Older Adults More Vulnerable to Depression in Pandemic But Strong Social Ties Can Help

Older adults have been more vulnerable to depression and loneliness during the COVID-19 pandemic, but having strong relationships can help protect against mental health issues, according to a new study published in The Journal of Gerontology: Series B.

“What we found is the pandemic was associated with worse mental health outcomes for many older adults,” said study author Dr. Anne Krendl, associate professor in the College of Arts and Sciences’ Department of Psychological and Brain Sciences at Indiana University (IU).

“However, for some, having close social networks seemed to serve as a protector against negative mental health outcomes.”

For the study, Krendl and Dr. Brea Perry, professor in the Department to Sociology at IU Bloomington, looked at whether social isolation due to the COVID-19 shelter-in-place orders was linked to greater feelings of loneliness and depression among older adults, and, if so, whether declines in social engagement or relationship strength moderated that relationship.

The research team compared personal social networks, subjective loneliness and depression of 93 older adults in the Bloomington community, six to nine months prior to the pandemic and from late April to late May when most people were under stay-at-home orders.

They found that around two in three (68 percent) older adults reported spending less time than before with people they loved, and 79 percent felt like their social life decreased or was negatively affected by COVID-19.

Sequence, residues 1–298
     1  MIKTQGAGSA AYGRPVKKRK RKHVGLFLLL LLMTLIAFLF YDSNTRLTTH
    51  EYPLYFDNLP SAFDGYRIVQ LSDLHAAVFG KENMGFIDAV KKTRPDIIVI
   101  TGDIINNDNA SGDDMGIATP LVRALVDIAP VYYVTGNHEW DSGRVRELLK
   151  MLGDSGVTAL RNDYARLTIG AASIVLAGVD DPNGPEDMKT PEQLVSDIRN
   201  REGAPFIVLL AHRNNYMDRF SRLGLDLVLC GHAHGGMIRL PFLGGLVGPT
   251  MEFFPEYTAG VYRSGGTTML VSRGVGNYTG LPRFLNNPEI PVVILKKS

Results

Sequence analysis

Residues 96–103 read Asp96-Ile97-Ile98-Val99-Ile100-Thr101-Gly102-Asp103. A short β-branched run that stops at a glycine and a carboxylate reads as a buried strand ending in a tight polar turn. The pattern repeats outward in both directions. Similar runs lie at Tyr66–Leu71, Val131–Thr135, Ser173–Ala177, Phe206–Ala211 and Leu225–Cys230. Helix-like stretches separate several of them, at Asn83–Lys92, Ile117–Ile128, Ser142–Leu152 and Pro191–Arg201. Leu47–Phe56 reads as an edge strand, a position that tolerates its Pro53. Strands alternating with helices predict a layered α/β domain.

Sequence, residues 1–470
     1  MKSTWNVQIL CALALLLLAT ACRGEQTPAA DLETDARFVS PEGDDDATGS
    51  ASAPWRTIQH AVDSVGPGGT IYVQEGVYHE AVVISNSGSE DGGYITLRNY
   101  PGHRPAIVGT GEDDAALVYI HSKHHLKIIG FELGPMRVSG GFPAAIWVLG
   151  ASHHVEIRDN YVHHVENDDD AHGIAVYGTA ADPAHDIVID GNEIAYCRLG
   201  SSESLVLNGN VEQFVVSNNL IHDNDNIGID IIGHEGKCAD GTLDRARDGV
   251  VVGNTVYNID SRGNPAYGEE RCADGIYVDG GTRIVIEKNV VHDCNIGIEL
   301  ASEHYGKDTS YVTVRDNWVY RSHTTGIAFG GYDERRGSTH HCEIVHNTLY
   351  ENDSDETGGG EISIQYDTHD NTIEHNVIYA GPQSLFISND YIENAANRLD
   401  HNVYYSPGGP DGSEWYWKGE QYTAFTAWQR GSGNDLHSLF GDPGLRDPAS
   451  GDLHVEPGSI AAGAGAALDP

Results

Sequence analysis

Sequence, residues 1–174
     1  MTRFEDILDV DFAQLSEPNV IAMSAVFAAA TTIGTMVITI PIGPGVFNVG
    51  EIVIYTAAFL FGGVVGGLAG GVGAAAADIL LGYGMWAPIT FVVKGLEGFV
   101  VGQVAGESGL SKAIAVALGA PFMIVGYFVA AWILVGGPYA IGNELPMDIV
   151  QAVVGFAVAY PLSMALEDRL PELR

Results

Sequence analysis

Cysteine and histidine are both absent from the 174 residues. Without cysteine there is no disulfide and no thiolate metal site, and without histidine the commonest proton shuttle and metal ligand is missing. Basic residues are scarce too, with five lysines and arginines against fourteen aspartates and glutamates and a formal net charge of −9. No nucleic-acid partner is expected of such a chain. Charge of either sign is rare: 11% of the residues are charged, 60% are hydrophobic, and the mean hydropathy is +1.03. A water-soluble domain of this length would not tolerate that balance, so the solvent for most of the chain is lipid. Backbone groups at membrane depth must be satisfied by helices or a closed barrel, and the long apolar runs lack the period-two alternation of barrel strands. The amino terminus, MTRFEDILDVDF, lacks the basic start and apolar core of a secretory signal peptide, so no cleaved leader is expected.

However, 60 percent reported spending somewhat or much more time reconnecting or catching up with people they cared about and 78 percent were using some form of internet technology to keep in touch during the pandemic. On average, older adults reported spending about 76 minutes socializing virtually or over the phone each day.

“Although prior research has shown that people in this age group are not avid users of social media, the pandemic seems to have moved the needle, with more older people relying on social media to try to stay connected,” Krendl said.

The findings also show that loneliness is linked to a number of negative outcomes for older adults, including higher rates of depression and higher mortality, while closeness to individuals in their networks can result in greater emotional well-being .

“Although older adults were relatively adaptable in staying connected during the pandemic, we found that adults who felt less close to their social network during the pandemic experienced increased depression,” said Krendl.

“However, for older adults who felt closer to their social networks during the pandemic, depression only increased markedly for those who also had experienced a large increase in loneliness.”

It is important, Krendl said, to fully understand the short-term impact the pandemic has had on older adults’ mental health well-being so resources and services can be available to those who need it. Krendl will continue to follow up with those who participated in the survey, to see if changes in their mental health remain short-term or lead to permanent changes.

“One period of increased mental health problems does not necessarily mean a permanent change,” she said. “But certainly, periods of mental health distress can have longer term implications for health and well-being. Characterizing those shifts will be important for understanding the full impact of the pandemic on older adults’ mental and social well-being.”

Source: Indiana University

 

Source: PsychCentral Older Adults More Vulnerable to Depression in Pandemic But Strong Social Ties Can Help

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